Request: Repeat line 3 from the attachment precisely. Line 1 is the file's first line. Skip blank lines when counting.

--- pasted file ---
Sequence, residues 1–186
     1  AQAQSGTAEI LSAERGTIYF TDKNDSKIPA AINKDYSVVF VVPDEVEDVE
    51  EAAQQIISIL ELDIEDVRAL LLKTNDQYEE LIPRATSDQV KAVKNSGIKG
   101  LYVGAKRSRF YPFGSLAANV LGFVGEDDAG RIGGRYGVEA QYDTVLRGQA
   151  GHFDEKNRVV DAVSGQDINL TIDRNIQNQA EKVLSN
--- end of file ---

    51  EAAQQIISIL ELDIEDVRAL LLKTNDQYEE LIPRATSDQV KAVKNSGIKG